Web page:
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29th December 2021 | Posted in Spandex Fabric

Properties of Elastane Fabric and How it’s Made?

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Elastane is a fabric, and it is also known as Spandex or Lycra. Elastane and Lycra are commonly used in Europe, the UK, Australia, and the Middle East; however, Spandex is commonly used in the North American region. It is a lightweight, synthetic fibre commonly used to make clothing such as sportswear.

Elastane is primarily made up of long-chain polymers called polyurethane, which is present up to 85%. Elastane has an amazing stretching ability, and it also comes back to shape when released. The fibres are strong and versatile, normally lighter than rubber, making them superior.

Production of Elastane

Production of this fibre generally consists of six steps and three phases. Elastane can be made in 4 different ways, and they include melt extrusion and reaction spinning, solution dry spinning, solution wet spinning, and last one is solution drying spinning and solution mixing.

The three phases involved in making this fabric include polymer reaction, fabricating the fibre, and the final processing. Most of the production methods are considered inefficient, which is why dry spinning solution is better and frequently used to produce approximately 95% of the world’s elastic supply.

The process starts with producing a polymer that functions as the basis for forming elastane fabric. This step is accomplished by mixing macro-glycol with a diisocyanate monomer in a particular type of vessel. When the conditions are favourable, these two chemicals interact with each other to form a prepolymer.

You should maintain the ratio between these two substances, and this is the most critical step; most commonly, a glycol to diisocyanate ratio of 1:2 is used. After using the dry spinning process, the prepolymer is then reacted with a diamine acid, and this is done by a method known as a chain extension reaction.

Later on, this solution is diluted with the solvent making it easy to handle. Then, it is placed inside a fibre production cell—the cell Spence for producing fibres and covering the elastane material. The mixture is pushed through a spinneret, a device similar to a showerhead and has many tiny holes.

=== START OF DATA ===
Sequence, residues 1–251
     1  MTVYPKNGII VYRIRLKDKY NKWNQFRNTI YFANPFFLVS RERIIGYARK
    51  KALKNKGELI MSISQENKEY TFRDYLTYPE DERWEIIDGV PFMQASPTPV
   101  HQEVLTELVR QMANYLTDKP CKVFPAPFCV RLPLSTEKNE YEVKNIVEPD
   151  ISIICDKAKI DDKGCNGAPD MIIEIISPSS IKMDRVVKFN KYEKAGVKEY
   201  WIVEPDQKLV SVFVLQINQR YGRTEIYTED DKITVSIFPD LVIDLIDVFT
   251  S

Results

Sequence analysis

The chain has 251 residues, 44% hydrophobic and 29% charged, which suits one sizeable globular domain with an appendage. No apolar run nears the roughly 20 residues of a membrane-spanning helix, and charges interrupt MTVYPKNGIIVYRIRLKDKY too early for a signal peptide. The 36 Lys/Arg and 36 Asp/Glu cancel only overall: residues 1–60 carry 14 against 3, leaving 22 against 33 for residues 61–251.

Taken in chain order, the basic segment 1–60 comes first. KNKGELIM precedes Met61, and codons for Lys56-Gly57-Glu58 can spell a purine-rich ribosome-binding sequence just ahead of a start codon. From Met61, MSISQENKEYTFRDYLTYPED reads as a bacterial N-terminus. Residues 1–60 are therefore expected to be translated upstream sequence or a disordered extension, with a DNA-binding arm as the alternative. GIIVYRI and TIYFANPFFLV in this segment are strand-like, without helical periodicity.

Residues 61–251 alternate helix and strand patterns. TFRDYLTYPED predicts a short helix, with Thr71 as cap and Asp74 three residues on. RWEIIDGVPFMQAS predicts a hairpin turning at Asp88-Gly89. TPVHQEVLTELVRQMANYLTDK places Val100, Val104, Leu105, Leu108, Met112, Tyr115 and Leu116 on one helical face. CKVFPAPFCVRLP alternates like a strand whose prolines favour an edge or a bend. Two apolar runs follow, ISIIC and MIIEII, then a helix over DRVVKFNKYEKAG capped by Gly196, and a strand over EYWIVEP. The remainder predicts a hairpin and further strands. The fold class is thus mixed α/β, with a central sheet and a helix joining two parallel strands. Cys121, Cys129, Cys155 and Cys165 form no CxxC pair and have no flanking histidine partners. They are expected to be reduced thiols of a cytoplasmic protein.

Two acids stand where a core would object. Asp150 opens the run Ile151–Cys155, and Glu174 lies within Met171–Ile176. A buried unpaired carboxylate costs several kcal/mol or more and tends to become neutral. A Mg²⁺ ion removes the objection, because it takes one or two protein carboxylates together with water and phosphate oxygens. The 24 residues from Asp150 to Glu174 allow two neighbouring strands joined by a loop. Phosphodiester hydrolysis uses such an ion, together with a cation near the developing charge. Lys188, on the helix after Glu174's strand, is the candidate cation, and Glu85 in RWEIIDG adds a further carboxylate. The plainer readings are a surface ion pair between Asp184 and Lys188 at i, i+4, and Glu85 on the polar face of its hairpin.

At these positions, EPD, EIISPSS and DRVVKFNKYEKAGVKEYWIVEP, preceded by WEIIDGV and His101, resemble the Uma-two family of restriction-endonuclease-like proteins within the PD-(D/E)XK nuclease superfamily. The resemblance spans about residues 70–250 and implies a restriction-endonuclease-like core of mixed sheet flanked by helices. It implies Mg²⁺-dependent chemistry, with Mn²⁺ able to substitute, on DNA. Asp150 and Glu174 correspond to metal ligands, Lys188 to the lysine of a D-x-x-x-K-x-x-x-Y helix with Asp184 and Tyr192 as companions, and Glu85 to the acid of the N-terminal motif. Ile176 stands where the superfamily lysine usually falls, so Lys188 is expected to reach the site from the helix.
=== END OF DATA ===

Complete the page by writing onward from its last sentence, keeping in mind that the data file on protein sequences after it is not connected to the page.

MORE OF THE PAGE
Converting the solution into fibres which are later on heated with nitrogen and solvent gas solution. It is done for performing a chemical reaction that forms liquid polymers into solid strands. They have then collected altogether as they leave the cylindrical spending cell and are compressed also.

Fibres get twisted and converted into different thicknesses and can be used in clothing and other applications. In addition, magnesium stearate or a different polymer is also used to treat the elastic material as a finishing agent. It is mainly done to prevent the fibres from sticking with each other. Then the fibres are transferred to a spool where they are dyed or woven.

Properties of Elastane

Important characteristics of this fabric are that it is extremely lightweight, smooth, soft, and that is why it is used in making clothes, particularly sportswear. In closing, this fibre prevents sagging and bagging and is also very scratch-resistant. The fibre is very strong, durable, and more stretchable than rubber.

Elastane is very resistant to damage by body oils, lotions, sweat, or detergent, so the outfits are made up of fabric we use for strenuous exercise. The most amazing ability of the fibre is that you can stretch it repeatedly, and it can recoil very easily to the original shape. You can dye elastane very easily and in different colours of your choice.

Elastane is widely used in making athletics sportswear, including swimwear, exercise wear and cycling suits. It is also used for making accessories like belts and gloves, socks and tights. In addition to this, you can also find skinny jeans, shorts, ski pants, and yoga leggings made up of elastane in the market.

Read More: Is Spandex The Same As Neoprene?

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